Healthy lifestyles training sets out to improve the health of young adults with disabiltiies

May 19, 2011

People with developmental disabilities often experience more health problems than people without disabilities. This is a fact that has been documented, but one family in Tropic, Utah, took it to heart—literally.

Brothers Dawson and Payton Johnson went to a doctor’s appointment together. Payton, who has Downs Syndrome, heard the doctor’s concerns about Payton’s heart, and so did Dawson.

After they left the office, Dawson began spinning a plan that would end up touching students in two schools and training young adults with disabilities in his town in Southern Utah.  It also linked up with the Healthy Lifestyles project here at the Center for Persons with Disabilities.

Dawson, a student athlete, wanted to train his fellow students about healthy lifestyles. He teamed up with Payton and another brother, Jacob, and they brought in some other student athletes, too. They contacted Jeff Sheen at the CPD for training materials about healthy lifestyles. Over the spring they prepared presentations and took them to Bryce Canyon elementary and high schools. They encouraged their listeners to set a goal that would improve their health, and when the students reported their goals back to the training staff, they got a wristband.

The presenters also taught classes tailored specifically for young adults with developmental disabilities, targeting six high school students. The program encouraged participants to set small, realistic goals to improve their health. They could drink water instead of soda, for example, or work more walking into the day.

It followed the model that the CPD’s  Healthy Lifestyles project embraces: a curriculum geared specifically for young adults with disabilities, a goal-oriented approach. The activities in Tropic happened because of the trainers’ determination, who took the Healthy Lifestyles curriculum and made it work for the audience they presented to.

The trainers ended up presenting their work to the Family Career and Community Leaders of America competition in Utah, where they earned a silver medal.

The project’s success was boosted by the presenters, who included some cool student athletes and a person with a developmental disability, said Tracy Johnson, the mother of the boys who started it all. “It was really a fun project for all of them,” she said. The six developmentally disabled students received water bottles, and they were excited to use them. “They high-five the trainers and want to tell them what they’re doing to stay healthy.”

It’s the kind of response Sheen and others have observed from people who received the Healthy Lifestyles training in other parts of the state. “I’ll see people we trained in different places, and they will have their water bottle with them, and this will be months, a year later,” Sheen said. One young man who received the training lost 70 pounds. While he did a lot more than attend the training, the classes did reinforce the things he was doing to improve his health.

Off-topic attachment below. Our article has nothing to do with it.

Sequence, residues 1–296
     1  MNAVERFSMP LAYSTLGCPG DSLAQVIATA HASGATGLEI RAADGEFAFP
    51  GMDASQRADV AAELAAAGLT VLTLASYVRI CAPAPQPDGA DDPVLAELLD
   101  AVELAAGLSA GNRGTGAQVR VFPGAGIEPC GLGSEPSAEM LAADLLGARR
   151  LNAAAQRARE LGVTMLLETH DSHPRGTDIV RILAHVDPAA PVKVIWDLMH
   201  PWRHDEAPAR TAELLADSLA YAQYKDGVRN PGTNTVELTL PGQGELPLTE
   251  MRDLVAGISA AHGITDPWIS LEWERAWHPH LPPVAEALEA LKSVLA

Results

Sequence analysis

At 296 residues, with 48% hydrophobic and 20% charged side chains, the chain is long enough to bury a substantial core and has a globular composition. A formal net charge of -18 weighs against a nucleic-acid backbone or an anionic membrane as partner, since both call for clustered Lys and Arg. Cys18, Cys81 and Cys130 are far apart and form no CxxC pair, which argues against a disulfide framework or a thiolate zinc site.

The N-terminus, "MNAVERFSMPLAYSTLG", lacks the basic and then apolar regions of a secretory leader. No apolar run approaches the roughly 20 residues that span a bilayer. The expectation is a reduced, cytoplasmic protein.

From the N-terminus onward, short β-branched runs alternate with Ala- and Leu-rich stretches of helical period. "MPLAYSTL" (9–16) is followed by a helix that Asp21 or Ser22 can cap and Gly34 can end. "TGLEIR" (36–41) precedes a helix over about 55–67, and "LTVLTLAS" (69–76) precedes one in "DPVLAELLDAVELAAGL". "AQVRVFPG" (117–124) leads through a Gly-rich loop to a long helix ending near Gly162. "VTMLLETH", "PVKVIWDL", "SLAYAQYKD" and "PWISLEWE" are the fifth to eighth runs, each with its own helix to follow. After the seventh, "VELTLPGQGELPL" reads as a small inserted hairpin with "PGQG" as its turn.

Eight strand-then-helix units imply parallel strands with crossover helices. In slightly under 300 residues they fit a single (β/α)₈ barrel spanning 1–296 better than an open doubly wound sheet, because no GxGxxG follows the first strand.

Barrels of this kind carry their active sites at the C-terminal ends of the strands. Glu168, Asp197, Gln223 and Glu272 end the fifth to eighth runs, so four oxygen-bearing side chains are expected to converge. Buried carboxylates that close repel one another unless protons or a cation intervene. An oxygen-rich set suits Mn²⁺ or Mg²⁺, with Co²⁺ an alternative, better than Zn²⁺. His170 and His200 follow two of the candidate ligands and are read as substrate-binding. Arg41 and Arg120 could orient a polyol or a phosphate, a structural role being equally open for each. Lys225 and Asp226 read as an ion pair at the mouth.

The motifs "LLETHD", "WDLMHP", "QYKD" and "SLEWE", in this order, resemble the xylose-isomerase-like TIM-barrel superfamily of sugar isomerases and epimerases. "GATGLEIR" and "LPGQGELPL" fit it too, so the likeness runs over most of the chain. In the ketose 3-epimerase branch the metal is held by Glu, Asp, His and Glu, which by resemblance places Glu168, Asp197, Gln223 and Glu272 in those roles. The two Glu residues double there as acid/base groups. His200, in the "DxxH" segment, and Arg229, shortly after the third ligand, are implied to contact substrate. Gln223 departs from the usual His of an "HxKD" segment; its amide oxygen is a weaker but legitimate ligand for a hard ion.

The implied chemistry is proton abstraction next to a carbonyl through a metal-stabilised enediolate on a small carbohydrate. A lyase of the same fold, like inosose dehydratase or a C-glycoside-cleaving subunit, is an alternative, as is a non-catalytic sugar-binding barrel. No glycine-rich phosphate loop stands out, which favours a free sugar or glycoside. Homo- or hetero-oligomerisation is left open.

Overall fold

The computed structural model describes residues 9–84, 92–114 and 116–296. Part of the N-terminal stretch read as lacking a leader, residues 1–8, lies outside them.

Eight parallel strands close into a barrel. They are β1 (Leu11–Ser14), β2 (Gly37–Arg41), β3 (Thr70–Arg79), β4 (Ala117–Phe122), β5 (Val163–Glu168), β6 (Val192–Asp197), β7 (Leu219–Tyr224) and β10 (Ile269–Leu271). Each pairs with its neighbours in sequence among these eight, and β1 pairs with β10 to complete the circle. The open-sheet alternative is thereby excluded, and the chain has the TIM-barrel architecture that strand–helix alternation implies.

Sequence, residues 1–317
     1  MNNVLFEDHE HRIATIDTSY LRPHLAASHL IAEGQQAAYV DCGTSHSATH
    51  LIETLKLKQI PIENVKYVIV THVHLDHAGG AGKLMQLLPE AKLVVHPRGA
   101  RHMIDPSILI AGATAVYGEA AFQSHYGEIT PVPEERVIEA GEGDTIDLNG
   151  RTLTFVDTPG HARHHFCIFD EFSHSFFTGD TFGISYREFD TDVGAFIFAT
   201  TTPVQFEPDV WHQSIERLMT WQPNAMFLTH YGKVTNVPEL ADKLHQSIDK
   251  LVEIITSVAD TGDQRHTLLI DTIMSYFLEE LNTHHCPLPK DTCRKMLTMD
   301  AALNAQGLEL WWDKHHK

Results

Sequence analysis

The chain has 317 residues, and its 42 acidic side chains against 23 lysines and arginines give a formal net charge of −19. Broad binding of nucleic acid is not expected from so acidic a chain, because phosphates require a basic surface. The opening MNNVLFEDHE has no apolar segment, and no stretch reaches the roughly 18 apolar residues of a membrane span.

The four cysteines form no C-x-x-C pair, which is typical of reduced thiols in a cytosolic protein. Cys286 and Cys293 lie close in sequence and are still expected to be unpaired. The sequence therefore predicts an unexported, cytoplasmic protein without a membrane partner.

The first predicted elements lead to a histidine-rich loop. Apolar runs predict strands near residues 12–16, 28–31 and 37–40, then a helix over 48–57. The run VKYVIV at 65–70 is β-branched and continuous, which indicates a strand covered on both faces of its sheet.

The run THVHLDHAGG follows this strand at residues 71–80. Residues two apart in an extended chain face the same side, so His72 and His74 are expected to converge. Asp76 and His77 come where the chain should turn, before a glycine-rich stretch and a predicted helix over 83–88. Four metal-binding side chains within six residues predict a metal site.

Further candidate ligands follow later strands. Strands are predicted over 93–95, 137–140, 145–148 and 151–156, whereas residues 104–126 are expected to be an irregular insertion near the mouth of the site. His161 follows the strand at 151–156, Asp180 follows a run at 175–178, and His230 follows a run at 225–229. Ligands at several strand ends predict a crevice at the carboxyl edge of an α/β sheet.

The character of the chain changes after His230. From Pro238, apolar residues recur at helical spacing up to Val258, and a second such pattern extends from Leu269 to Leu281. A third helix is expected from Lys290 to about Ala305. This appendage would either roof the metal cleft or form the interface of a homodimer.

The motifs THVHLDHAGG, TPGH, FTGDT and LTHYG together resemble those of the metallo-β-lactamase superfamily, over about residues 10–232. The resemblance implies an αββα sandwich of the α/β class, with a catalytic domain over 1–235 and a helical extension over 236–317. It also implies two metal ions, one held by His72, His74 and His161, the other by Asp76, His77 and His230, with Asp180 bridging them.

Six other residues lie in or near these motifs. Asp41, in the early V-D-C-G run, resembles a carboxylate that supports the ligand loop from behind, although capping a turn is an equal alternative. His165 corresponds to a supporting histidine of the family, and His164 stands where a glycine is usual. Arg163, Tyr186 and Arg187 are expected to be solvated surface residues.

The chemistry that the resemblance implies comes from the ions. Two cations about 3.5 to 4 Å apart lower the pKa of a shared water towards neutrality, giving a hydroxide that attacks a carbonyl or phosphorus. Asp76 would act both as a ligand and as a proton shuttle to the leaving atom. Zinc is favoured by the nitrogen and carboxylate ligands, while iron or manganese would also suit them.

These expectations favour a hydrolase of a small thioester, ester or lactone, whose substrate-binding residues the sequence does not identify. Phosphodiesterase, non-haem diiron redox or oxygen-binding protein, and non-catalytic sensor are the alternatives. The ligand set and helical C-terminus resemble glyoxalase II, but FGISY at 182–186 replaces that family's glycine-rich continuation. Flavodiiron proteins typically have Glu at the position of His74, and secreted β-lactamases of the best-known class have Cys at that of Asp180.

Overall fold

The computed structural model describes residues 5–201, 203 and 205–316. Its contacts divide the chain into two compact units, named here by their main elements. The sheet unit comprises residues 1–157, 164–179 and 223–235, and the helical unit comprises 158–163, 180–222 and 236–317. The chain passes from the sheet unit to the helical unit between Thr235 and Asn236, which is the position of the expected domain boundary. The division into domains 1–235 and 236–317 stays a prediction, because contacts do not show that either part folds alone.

Sheen and Burgess have aimed their training at group homes and post-secondary programs. After preaching healthy lifestyles for two years, Sheen said they have both enjoyed better health.

“We’ve both made the same small changes as we’ve asked everyone else to do,” he said. “Two years in, I’m much healthier because I’ve followed through.”

A young man dishes up salsa in a busy kitchen.
Healthy living means more than diet and exercise. It includes social interaction and meaningful activities.

Anybody who has tried to change their lifestyle knows the best results come to people who are serious about making changes. Some individuals responded with more enthusiasm than others. And while eating right and exercise are often talked about as ways to improve health, Sheen said the training focused on a lot more.

Social and emotional health, engaging in meaningful activities and preventing health problems are part of the training, too. Often, a participant’s healthy goal would overlap more than one area. For example, if a young woman wanted to walk her dog more, it did more than bolster physical health. It would also serve as a social boost, since she would interact with her dog and the people she passed on the street. If a young man wanted to play a sport, it might introduce him to social team play.

“It was a really good experience,” said Kelie Babcock, the coordinator at Tri-County Independent Living Center in Ogden. “My groups that come are young adults with cognitive and developmental disabilities, and they come here to tri-county to learn life skills.” The training was a good fit, since it was structured for people with developmental disabilities. She was impressed with how much of the training they remembered, and she saw results. Habits changed. She saw people drinking more water, less soda.

The trainers left it up to the day programs whether they wanted to follow up with cooking classes, though they did find an excellent resource—a cookbook—for those who did. The CPD’s PEER project reinforced the healthy lifestyles training with some cooking classes.

“I learned a lot of stuff here,” said Isaac Gorostieta. “Don’t eat too much oil and don’t eat too much meat. … I like showing my parents that I like cooking healthy stuff.”

Isaac and classmate Carson Geiger show off their skills in a video on the CPD's YouTube Channel. If you’re hungry, you may want to eat before you watch—it looks really good.


The Centers for Disease Control and Prevention website has a page on improving the health of people with developmental disabilities:

The Let's Cook: Healthy Meals for Independent Living cookbook received high marks from professionals who participated in the Healthy Lifestyles training project.

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